The value of reputation revealed
29th March 2015
How much, really, does a company’s reputation add to it’s profitability? Well according to a recent study by intangible asset specialists Reputation Dividend, corporate reputation accounts for nearly £620bn of shareholder value across the FTSE 350, but its impact is down from last year.
Three key findings of how reputation adds to the bottom line to British businesses are that:
- Reputation is worth £620bn to UK PLC as of January 2015.
- Strong corporate reputations add £1 in every £2 of shareholder value; bad ones destroy £1 of value in £7.
- FTSE 350 companies could be losing £160m of their value by not fully addressing their reputations.
Discussing why businesses are failing to capitalise on their reputations as much as they did last year, Simon Cole, founder of Reputation Dividend says: “Having achieved considerable success in maintaining confidence during the global economic downturn through a growing focus on reputations, there are signs that some companies have taken their eyes off the ball as ‘recovery’ sets in. As a result, the FTSE350 as a whole slipped, and ended the year 2 per cent below where it had started with a loss of £55bn of shareholder value.”
Consumer goods company Unilever and alcoholic beverages company Diageo top the league of the most economically powerful corporate reputations for the second year running, but their leadership is being challenged by a number of rising stars. Retailer Next rose 21 places to take the number three position, while consumer-goods company RB (Reckitt Benckiser) jumped 19 places to number seven. The study also places bank HSBC in the top ten with its strong global operations and ability to shrug off bad news as ‘industry issues’. Cole adds, “ it remains to be seen just how much HSBC’s undoubted success in 2014 will be set back by the scandal surrounding the company’s Swiss operation, governance and customer’s tax management practices.”
The top ten most potent corporate reputations in the UK – January 2015
Looking in more detail at Unilever and Diageo which lead the table, Sandra Macleod, CEO of Reputation Dividend, points out that they are only just holding on to their top spots: “They held on to the lead established in 2013, but their previously blue-chip reputations undoubtedly lost some impact as their momentum stalled. Although keeping the number one position, Unilever’s Reputation Contribution slipped 4 per cent points and is now below 50 per cent for the first time in five years. The company’s strategic ambitions appear to be both understood and appreciated by commentators, but there were growing signs of pressure for reassurance. 2014 was arguably the company’s ‘weakest’ year for a decade and the combination of slow US recovery, poor European outlook and strong sterling is doing little to reward Paul Polman’s increased emphasis on personal care and emerging markets. As a result, perceptions of the company’s leadership prowess lost a little of its shine as too did its much championed community and environmental credentials.”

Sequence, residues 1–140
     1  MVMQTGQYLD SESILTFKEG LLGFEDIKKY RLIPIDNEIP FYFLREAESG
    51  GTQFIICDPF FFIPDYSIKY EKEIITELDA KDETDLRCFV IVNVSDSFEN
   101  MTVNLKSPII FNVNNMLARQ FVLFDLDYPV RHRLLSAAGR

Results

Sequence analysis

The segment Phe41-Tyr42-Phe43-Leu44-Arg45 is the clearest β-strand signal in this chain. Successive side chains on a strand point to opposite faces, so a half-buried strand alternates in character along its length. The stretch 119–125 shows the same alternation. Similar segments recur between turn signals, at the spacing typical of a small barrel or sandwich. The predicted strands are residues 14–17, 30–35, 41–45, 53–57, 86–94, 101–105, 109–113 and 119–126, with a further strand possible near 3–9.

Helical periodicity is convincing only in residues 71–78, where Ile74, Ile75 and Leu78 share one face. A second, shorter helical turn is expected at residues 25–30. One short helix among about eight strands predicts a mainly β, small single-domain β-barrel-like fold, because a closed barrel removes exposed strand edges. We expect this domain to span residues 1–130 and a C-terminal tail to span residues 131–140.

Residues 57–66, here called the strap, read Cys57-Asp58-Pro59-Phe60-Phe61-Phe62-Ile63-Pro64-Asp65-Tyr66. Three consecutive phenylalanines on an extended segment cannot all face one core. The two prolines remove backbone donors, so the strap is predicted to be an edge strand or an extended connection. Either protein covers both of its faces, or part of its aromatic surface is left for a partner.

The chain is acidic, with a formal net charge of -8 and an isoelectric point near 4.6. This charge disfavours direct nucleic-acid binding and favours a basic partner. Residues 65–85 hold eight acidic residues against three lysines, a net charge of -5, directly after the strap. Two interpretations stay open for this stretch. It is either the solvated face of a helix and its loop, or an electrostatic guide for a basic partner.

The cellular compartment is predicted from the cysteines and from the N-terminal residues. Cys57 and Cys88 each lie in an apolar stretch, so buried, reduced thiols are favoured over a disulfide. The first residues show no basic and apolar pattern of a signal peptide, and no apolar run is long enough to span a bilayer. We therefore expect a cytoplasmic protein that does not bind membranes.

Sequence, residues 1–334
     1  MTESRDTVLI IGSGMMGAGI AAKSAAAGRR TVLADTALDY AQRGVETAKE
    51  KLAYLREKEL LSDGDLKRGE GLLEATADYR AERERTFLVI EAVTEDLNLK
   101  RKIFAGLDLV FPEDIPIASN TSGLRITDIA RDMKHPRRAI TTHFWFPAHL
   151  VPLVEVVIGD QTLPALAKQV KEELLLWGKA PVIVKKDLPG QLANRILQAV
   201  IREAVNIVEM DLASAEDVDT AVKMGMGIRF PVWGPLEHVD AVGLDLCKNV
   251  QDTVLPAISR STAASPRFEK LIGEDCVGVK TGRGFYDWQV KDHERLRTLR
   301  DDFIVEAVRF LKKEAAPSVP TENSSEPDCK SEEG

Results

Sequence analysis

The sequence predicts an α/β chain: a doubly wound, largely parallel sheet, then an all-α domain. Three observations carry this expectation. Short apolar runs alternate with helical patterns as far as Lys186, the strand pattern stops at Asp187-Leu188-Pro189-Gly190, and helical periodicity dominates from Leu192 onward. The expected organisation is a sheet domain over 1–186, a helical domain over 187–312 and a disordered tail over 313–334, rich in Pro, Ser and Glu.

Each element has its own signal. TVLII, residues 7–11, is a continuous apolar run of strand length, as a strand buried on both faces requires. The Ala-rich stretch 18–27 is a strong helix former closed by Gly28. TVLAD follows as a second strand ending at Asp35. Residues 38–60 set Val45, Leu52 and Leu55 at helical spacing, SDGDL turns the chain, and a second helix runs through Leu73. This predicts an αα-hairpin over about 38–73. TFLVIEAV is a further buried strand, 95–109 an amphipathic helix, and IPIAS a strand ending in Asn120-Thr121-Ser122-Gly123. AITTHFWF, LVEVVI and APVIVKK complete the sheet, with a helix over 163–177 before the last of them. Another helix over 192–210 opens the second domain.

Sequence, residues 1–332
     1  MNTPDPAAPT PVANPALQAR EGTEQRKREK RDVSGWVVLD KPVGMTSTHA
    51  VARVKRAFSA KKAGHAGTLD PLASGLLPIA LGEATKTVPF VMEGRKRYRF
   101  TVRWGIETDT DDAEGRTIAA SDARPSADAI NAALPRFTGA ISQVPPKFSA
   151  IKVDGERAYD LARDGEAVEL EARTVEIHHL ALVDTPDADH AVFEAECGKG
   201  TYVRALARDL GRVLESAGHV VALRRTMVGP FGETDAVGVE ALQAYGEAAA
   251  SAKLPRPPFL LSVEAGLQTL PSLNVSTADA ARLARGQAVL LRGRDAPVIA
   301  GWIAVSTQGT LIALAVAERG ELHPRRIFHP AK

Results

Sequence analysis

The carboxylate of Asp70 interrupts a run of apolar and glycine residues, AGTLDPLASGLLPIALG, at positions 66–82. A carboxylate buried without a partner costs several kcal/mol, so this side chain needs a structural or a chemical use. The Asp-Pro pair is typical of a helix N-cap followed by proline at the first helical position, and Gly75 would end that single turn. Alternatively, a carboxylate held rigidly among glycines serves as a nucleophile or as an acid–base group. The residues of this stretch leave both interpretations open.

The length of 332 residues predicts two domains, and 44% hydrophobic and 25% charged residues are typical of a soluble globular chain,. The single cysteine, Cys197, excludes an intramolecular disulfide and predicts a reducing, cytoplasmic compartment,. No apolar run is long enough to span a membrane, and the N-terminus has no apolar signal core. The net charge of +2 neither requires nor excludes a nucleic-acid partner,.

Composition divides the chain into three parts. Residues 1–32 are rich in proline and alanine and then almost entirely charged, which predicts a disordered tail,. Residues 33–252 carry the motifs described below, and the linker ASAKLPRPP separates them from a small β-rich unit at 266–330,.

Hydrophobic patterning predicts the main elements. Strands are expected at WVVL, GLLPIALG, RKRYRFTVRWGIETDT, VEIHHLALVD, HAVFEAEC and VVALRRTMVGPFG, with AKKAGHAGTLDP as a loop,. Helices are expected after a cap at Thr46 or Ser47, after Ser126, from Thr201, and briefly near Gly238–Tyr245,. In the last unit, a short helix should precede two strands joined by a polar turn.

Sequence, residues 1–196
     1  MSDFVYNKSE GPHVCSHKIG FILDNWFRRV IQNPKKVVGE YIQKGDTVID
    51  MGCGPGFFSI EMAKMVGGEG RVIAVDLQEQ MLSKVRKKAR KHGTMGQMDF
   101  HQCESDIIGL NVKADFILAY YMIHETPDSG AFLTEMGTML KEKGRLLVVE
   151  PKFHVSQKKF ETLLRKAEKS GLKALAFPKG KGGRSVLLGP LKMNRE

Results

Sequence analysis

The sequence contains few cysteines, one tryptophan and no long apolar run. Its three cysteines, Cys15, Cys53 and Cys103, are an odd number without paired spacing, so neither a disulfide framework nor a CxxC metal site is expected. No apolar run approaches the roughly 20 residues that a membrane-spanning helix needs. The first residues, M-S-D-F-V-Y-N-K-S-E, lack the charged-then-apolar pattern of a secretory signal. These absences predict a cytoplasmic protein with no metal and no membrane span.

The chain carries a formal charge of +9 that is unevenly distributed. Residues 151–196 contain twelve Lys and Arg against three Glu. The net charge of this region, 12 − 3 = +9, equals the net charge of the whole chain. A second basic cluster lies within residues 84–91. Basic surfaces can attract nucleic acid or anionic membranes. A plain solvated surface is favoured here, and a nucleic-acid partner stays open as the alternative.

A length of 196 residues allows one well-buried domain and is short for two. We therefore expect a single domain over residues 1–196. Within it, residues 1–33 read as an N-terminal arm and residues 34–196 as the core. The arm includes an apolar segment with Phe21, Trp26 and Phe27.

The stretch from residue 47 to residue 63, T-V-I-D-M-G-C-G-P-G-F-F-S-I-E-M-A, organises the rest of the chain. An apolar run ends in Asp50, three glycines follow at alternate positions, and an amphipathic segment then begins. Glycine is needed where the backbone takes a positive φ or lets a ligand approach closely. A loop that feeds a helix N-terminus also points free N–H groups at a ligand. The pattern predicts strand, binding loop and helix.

“Diageo on the other hand is still looking to affirm the transition from close to 13 years of Paul Walsh to the new regime under Ivan Menezes. A combination of changes in the senior personnel, difficult market conditions,slow sales hampered by a strong pound and even talk of a merger (with SABMiller) has understandably created some disruption in the company’s progress and left some commentators suggesting that for now at least, ‘the jury is still out’ with the result that 4 per cent points was shaved off the Reputation Contribution.”
Turning to a company that can be particularly proud of its performance, Macleod says: “The economic impact of Next Plc’s corporate reputation goes from strength to strength as the company forges ahead and ticks many of the boxes under the guidance of CEO Simon Wolfson. Strong sales, offline as well as online, based on what the company declared as the ‘bravery’ to embrace new fashion contributed to what one analyst described as a ‘blowout’ performance. Wolfson’s tendency for under-promise and over-delivery allied with an ‘unusual degree’ of openness with regards to the company’s financial performance produced an uplift in the company’s Reputation Contribution that took it 18 places up the ranking to a position only just below Diageo.”
Although not in the top ten, one company that Macleod says has delivered a particularly sterling performance in terms of its reputation in 2014 is AstraZeneca: “While the main story was without question its robust and ultimately successful defence of the bid from American giant Pfizer, a number of other factors conspired to confirm the company in the most favourable light for some time. CEO Pascal Soriot has raised investor hopes as the turnaround progresses and, while aspects such as innovation are yet to be as well regarded as might be hoped, there were notable improvements in revenues and the all important pipeline. As a result the company’s reputation asset recovered to the point where the confidence it is supporting registered a 26 per cent point rise to 40 per cent to become the 13th highest of all the companies tracked in 2014.”
Reputation Dividend is an index of the financial value of corporate reputation as measured as a percentage of market capitalisation. This is the eighth annual study and is based on analysis of more than 200 of the country’s largest public companies.
For a copy of the study go to http://reputationdividend.com/files/5014/2480/0950/Summary_of_2015_UK_Reputation_Dividend_Report.pdf